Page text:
I was disappointed when I learned that the movie wasn't about Old West cowboys. Inspired, I announced to my wife that I was going to write a screenplay about a couple of amorous cowpokes on a cattle drive in the 1880s and make big bucks. My brother even liked the idea, adding that just because I write the screenplay doesn't mean I have to see the film it becomes. Alas, my wife forbade me, no matter how much it would pay. You can see why I'm the one who manages the finances around here.

While I have enjoyed making fun of Brokeback Mountain, at the same time I was curious about its allure. Surely this movie was about more than just bringing Hollywood out of the closet, so to speak. Rather than watching the movie (sorry, not gonna happen), I read half a dozen reviews. Apparently it's the best love story released this past year regardless of the "controversy."

Today I had an epiphany -- Brokeback Mountain is the ideal chick flick. It's a touching romance that women can cry over, while at the same time guys who don't want to think about two guys doing it have a perfect excuse not to watch it! Even most of us straight guys who aren't anti-gay don't want to actually see two guys going at it. But women, particularly those who are into "important" or "artistic" movies (the type who will go see anything that wins an award, even if it is French with Greek subtitles), won't be able to stay away. Few straight guys want to see romantic, emotional, heartbreaking love stories regardless of the genders involved, so Brokeback Mountain doesn't even try to get us to come to the theater. Brilliant! Straight guys should be begging for movies like this -- send the women off to watch the gay whatever movie (construction workers, cops, the whole range of Village People) so the men can play touch football or engage in some other ambiguously homoerotic male bonding.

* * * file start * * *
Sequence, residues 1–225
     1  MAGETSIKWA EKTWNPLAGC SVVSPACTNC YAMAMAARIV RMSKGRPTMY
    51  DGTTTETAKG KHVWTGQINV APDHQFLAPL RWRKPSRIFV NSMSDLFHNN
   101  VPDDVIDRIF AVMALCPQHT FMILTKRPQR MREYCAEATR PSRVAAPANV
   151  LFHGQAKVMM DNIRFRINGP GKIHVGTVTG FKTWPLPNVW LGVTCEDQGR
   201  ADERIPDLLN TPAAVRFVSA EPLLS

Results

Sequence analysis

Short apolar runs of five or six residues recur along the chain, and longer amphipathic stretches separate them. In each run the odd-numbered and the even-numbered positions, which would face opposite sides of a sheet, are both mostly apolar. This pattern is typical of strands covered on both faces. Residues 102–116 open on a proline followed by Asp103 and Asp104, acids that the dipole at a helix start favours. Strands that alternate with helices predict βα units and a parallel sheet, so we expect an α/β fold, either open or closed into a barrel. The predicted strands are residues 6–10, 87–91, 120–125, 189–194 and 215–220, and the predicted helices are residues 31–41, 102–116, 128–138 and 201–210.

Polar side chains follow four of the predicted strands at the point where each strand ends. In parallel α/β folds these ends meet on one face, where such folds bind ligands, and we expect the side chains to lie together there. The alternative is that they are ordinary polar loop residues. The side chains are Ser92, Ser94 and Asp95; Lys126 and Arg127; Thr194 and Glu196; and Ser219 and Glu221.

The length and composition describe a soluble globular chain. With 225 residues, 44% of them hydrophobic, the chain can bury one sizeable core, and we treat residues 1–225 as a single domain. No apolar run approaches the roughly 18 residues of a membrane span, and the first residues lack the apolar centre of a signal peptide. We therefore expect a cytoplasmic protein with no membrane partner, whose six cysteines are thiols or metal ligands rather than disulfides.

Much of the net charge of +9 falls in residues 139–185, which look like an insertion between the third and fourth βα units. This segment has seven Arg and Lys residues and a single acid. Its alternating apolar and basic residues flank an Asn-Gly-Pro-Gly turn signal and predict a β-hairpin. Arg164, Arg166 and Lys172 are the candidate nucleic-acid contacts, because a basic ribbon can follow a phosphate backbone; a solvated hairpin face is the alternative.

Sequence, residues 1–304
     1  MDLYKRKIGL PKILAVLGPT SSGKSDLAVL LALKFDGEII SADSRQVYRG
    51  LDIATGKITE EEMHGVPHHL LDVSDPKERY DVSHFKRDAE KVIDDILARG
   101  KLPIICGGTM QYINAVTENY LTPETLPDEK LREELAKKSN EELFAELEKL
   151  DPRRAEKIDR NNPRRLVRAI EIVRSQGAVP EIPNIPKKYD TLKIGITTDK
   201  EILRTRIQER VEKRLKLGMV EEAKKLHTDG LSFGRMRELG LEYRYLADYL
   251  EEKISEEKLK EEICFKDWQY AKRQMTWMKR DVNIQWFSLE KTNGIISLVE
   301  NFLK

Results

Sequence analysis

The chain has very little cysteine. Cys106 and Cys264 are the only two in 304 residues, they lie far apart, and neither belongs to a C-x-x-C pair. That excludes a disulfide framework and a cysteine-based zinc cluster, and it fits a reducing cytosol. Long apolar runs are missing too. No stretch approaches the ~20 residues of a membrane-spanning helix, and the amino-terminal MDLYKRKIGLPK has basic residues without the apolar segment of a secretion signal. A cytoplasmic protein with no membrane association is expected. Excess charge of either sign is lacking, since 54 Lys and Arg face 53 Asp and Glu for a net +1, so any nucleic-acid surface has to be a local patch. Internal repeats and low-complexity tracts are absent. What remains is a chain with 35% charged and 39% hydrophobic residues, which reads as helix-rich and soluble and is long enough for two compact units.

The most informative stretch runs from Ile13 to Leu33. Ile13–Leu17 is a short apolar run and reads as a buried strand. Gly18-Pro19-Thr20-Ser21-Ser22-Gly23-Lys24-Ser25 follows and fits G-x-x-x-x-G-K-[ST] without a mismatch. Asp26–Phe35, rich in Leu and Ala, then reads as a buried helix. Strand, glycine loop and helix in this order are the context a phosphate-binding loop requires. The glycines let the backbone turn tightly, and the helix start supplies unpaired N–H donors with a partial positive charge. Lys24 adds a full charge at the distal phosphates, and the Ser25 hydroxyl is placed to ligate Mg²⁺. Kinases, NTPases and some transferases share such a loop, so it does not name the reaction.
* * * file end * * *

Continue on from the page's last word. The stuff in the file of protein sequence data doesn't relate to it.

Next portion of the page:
Despite my disinterest in romantic stuff noted above, I must say that last night's episode of How I Met Your Mother was pretty darn romantic. And Ashley Williams was pretty darn hot besides. This is one of the few television shows that I admire as a writer. The ultimate was the "urinating in public" episode -- I'm still trying to figure out the thought process of how they threaded those plots together.

UPDATE - 01/31/2006 - While author Annie Proulx was inspired by Wyoming's Bighorn Mountains, it turns out that Brokeback Mountain was actually shot in Alberta. Ugh, there's another reason not to go see it (no offense to Alberta, but I love Wyoming).

Monday, January 23, 2006

Don't Congratulate Me

What would you say if I told you I just bought $17,000 worth of stock that was guaranteed never to increase in value? And what if I said it would only be worth a few hundred dollars in a decade? First you'd ask me what I've been smoking, then you'd probably tell me to sell it (the stock, that is, not whatever I was smoking).

So why do people congratulate me for buying a car?